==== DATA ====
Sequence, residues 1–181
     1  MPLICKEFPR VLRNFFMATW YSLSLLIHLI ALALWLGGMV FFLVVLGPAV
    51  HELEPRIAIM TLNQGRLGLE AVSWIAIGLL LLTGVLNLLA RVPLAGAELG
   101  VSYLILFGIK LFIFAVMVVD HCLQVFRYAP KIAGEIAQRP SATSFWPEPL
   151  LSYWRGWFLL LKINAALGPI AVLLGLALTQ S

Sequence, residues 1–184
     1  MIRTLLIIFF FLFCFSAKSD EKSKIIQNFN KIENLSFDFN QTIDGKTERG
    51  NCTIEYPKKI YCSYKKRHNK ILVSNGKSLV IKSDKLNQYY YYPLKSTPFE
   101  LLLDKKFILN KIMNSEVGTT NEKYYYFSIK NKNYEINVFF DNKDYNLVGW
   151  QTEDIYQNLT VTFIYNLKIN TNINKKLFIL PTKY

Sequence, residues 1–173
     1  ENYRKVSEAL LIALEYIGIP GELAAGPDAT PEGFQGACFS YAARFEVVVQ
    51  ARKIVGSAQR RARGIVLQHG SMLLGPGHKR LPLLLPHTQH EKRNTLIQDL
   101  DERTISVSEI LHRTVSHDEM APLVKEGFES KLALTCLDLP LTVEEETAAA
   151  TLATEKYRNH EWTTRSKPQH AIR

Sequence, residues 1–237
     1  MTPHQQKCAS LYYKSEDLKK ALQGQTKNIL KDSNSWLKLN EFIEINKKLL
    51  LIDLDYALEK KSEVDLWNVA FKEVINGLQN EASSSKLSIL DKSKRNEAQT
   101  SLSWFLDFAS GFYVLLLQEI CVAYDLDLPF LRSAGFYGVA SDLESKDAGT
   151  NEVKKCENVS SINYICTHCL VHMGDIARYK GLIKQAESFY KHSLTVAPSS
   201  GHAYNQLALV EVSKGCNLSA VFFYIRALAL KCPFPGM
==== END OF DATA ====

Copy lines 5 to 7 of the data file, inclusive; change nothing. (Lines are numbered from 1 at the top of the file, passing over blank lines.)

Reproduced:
   151  LSYWRGWFLL LKINAALGPI AVLLGLALTQ S

Sequence, residues 1–184
     1  MIRTLLIIFF FLFCFSAKSD EKSKIIQNFN KIENLSFDFN QTIDGKTERG